• Pool Paints, Coatings and Primers

Dura Seal Pool Paint: One-Coat Epoxy
Dura Seal Pool Paint
One-Coat Epoxy

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Aqua Seal Pool Paint: Acrylic Enamel
Aqua Seal Pool Paint
Acrylic Enamel

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SR Pro 7 Pool Paint: Synthetic Rubber Base
SR Pro 7 Pool Paint
Synthetic Rubber Base

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Smart Step Pool Paint: Conversion Coating
Smart Step Pool Paint
Conversion Coating

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Prime It! Pool Paint Epoxy Primer for Smooth Surfaces
Prime It! Pool Paint
Epoxy Primer for Smooth Surfaces

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Rough Prime Pool Paint: High Build Epoxy Primer
Rough Prime Pool Paint
High-Build Epoxy Primer

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  • Pool Patio & Deck Paint

Patio Perfect: Pool Patio & Deck Coating
Patio Perfect
Acrylic Pool Patio & Deck Coating

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A+ Clear Sealer - Matte: Water-Based Clear Acrylic Coating
A+ Clear Sealer - Matte
Water-Based Clear Acrylic Coating

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A+ Clear Sealer - Semi Gloss Water-Based Clear Acrylic Coating
A+ Clear Sealer - Semi Gloss
Water-Based Clear Acrylic Coating

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  • Maintenance Products for Pools

PrepWise: Pool Paint Preparation Solution
PrepWise
1-Step Clean & Etch Pool Paint Preparation Solution

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Pool Paint Application Kit: The Tools You Need to Paint Your Pool or Deck
Pool Paint Application Kit
The Tools You Need to Paint Your Pool or Deck

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Diving Board Resurfacing Kit: Diving Board Paint
Diving Board Resurfacing Kit
Help provide sure footing to worn diving boards

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  • What Pool Paint Do I Need to Use?

When it comes to researching options available for painting your pool, there is a whole world of choices to consider. Without properly understanding what kind of pool paint you’re in need of, you run the risk choosing the wrong products and creating more work for yourself. Smart Seal has a full line of different pool paint products for your pool and the surrounding areas, no matter the materials or visual look you want.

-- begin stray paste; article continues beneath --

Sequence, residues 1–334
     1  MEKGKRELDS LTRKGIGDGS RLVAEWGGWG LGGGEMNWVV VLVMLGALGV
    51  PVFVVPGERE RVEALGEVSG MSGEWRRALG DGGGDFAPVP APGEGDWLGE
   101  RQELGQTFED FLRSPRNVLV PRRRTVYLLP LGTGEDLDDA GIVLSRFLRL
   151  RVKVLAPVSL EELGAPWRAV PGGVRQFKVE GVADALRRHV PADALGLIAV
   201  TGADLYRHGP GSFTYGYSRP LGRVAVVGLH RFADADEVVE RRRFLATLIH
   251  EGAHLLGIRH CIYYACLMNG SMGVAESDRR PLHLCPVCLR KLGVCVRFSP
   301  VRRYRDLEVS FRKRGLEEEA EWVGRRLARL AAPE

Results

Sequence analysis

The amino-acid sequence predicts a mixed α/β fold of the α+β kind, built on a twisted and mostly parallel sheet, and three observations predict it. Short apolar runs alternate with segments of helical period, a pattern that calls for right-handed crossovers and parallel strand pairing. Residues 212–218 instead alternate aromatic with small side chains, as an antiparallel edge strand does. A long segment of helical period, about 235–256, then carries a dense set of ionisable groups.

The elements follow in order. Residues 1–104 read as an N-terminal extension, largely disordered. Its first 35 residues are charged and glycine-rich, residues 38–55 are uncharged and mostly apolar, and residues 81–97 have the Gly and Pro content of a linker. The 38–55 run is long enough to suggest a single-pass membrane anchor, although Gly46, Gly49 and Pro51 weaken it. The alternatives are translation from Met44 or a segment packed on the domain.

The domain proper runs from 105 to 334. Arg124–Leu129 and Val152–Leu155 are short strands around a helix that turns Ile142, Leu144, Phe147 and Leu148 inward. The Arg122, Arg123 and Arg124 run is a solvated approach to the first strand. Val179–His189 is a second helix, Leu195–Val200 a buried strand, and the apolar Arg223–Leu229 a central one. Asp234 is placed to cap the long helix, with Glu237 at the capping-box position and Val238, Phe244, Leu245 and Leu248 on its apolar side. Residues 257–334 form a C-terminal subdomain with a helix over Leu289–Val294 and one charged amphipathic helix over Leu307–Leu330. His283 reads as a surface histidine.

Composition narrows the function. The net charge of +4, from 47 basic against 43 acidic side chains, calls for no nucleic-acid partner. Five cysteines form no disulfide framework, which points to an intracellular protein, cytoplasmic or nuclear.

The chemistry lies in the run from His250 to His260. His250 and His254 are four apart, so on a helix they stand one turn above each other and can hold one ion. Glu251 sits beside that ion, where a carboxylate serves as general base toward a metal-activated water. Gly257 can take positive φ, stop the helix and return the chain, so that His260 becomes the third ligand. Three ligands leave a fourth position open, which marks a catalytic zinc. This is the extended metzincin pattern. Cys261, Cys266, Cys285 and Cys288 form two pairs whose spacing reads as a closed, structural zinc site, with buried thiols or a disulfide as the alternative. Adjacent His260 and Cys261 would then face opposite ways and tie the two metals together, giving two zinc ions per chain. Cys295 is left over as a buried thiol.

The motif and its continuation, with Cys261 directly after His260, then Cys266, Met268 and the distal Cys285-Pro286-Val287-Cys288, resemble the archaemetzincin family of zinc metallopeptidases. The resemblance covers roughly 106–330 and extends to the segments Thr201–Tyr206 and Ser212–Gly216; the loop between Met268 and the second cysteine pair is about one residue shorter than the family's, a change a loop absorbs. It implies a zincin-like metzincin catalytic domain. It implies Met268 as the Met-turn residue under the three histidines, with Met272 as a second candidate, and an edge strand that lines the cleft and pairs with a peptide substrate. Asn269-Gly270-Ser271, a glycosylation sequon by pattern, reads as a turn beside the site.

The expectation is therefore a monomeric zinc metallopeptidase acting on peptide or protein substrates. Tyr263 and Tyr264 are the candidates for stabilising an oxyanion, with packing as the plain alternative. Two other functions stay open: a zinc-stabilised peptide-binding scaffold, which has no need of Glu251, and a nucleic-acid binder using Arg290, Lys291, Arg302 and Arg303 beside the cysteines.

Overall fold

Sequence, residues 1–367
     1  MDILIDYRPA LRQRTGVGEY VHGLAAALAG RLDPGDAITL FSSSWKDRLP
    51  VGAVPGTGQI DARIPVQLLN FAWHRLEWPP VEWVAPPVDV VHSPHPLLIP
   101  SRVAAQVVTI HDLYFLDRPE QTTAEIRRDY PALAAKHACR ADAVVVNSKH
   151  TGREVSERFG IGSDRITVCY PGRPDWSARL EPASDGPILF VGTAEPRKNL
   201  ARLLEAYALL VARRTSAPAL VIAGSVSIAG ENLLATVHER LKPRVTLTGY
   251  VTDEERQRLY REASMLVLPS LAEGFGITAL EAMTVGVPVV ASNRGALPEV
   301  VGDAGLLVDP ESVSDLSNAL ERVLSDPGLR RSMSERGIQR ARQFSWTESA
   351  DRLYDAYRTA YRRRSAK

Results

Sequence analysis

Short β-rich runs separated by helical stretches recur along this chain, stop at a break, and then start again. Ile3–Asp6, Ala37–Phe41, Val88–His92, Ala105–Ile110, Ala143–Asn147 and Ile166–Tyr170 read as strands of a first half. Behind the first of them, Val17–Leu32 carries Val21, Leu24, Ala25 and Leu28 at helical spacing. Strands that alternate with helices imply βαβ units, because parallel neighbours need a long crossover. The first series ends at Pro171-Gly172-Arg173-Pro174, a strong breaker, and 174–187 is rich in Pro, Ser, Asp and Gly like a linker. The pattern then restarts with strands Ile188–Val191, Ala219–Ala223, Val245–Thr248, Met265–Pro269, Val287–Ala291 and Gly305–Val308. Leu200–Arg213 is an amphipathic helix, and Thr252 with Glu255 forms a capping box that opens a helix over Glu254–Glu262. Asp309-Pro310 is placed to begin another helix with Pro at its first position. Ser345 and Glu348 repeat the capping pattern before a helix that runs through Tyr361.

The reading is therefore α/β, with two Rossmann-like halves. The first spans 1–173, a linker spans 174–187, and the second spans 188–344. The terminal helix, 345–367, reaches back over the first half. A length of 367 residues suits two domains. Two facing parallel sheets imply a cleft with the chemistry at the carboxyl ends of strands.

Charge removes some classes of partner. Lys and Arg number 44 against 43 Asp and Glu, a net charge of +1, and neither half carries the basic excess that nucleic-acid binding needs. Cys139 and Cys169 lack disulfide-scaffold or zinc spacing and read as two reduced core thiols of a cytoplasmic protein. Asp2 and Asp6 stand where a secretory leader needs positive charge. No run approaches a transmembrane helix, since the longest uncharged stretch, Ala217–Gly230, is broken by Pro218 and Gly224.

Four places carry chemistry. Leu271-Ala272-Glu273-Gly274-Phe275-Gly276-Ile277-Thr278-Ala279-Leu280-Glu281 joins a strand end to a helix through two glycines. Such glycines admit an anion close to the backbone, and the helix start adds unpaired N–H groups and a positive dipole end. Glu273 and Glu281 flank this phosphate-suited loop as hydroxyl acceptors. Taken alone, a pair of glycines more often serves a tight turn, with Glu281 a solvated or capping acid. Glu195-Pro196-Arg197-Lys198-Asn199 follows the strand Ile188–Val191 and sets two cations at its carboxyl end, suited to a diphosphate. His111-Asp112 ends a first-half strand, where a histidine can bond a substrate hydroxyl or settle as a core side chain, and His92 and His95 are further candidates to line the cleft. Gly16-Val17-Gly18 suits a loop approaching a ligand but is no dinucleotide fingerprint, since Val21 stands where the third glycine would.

When painting a pool, it’s important to first determine whether or not the pool has already been painted. If you’re trying to repaint or maintain a pool which has already been painted, it’s best to figure out what type of paint has been applied in the past. Not all paint types are compatible with one another but you can often send a sample of the existing pool paint to a manufacturer or local paint dealer to find out what was previously used on your pool. However, there are a couple of tests anyone can do at home to determine what the existing paint is composed from:

  1. If a paint chip is submerged in denatured alcohol and it dissolves, it is most likely acrylic-based. If it doesn’t, move on to step two.

  2. Submerge a new paint chip into a combination of one part Xylol and three parts mineral spirits. If it dissolves after being rubbed together several times, then this is most likely a synthetic rubber-based paint. If it does not dissolve, try out step three.

  3. Take another new paint chip and this time submerge in nothing but Xylol. If it does not dissolve, then it is likely an epoxy pool paint; if it does dissolve after being dipped in the Xylol, then it is probably a chlorinated rubber pool paint.

Once you’ve determined which pool paint was applied to your pool in the past, modern pool paints fall under synthetic rubber, epoxy, acrylic and water-based acrylic. It’s always best to use the same pool paint type as previously administered. If a pool has not been painted yet — whether it’s concrete, fiberglass, plaster, or gunite — all of the different types of pool paints can be used, but some are better than others.

 

Colors shown will slightly differ from actual paint. For a more accurate color representation, ask your retailer for a Smart Seal Color Guide.